Ok, I lied about that being the final potential issue, because I have thought of one more, considering the above: would this cheapen the artistic vision of the game creators? I don't think so, because they can always have "recommended" settings to produce the experience they envisioned. I myself might be inclined to appreciate their work MORE if given the ability to use IVDF, because there are games with brilliant high-concept, and amazing art-direction that fall flat because of how much they punish the player for wanting to see the pretty stuff (*cough*S.T.A.L.K.E.R.*cough*). With IVDF, people could buy games without the fear that they might have to humble themselves in order to have any fun playing them, people could spend long hours concocting better, harder, sillier combinations of difficulty factors, to share with the world. Multiplayer afficionadoes would no longer have to decide whether they want a game with tongue-in-cheek team gameplay, Battlefield-style engagements, or Deathmatch a la Quake. This would probably go a long way towards remedying games that ship with inspired SP, but bland-as-Halo multiplay.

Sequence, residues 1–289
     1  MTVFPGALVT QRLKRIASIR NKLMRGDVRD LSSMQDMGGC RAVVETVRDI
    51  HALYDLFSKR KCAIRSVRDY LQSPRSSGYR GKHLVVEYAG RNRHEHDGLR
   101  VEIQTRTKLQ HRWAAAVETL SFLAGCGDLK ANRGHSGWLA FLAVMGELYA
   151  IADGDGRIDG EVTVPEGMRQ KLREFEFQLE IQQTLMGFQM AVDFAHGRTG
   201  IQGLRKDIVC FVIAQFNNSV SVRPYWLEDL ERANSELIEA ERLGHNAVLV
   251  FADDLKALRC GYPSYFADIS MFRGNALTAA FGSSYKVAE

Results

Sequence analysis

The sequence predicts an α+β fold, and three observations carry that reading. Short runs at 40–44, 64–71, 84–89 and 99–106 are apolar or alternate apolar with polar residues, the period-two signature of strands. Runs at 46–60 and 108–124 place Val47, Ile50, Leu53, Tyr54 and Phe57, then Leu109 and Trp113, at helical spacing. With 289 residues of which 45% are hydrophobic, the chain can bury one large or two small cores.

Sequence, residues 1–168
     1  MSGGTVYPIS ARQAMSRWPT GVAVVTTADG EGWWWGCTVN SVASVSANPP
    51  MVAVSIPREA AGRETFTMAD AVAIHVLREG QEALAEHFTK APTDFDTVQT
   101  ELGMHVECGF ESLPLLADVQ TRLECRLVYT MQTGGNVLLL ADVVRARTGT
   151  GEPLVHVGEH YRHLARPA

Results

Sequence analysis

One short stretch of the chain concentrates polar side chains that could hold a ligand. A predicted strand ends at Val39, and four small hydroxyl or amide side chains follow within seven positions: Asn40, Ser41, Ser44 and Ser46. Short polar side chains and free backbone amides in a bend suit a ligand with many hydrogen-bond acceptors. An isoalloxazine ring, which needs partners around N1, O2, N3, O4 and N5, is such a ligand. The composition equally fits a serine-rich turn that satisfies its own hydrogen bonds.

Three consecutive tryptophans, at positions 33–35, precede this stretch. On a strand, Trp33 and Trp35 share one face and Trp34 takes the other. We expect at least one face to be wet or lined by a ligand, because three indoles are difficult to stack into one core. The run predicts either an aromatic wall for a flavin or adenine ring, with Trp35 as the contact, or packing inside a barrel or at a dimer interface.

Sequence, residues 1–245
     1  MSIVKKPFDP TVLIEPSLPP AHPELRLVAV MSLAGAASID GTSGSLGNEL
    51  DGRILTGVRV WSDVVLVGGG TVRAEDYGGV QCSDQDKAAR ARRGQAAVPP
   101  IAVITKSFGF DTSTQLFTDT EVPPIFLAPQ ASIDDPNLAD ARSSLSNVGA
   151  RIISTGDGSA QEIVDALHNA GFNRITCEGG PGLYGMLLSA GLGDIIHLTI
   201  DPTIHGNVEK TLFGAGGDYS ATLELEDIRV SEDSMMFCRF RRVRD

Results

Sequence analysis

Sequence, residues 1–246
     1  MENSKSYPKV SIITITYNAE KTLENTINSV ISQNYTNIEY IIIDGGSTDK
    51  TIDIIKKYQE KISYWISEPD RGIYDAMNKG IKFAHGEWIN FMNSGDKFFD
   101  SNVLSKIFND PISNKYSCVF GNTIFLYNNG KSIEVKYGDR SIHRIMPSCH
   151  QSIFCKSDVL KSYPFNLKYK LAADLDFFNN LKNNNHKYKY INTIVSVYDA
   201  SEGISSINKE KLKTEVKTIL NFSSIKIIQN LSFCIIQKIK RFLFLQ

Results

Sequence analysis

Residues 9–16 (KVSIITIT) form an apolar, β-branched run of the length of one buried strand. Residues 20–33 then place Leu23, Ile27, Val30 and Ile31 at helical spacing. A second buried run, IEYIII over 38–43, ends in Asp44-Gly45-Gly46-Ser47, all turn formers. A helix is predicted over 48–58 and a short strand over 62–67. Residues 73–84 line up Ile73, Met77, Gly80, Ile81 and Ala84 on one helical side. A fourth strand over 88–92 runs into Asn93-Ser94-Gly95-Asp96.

Ok, all you Gamers who read my ramblings - would you want to see this, or are you more the "can't stand the heat get out of the oven" types?



GoldMatenes said...

Nope. Makes sense to me. Hell, even if the game just adjusted to your style like Sin: Episodes, I'd be happy. I think it would take longer to work varying placements and AI in, but I think games are altogether too rushed anyway right now. I'm still resenting games with 6 slightly-long-but-not-really-very-long levels. I yearn for the days of Goldeneye... 20 LEVELS! Each one taking plenty of time to complete, depending on your play style.

I say, if games will get more intuitive and replayable, I'm willing to wait. Besides, if such an idea is implemented, it'll become simpler:
I can see somebody creating a basic IVDF engine, implemented into various games, refined, copied, stolen, the usual nonsense, and eventually it's open source and easily modded.

Zyzzyva said...

That was the funniest review I've seen since ever.

arbageaabaregman said...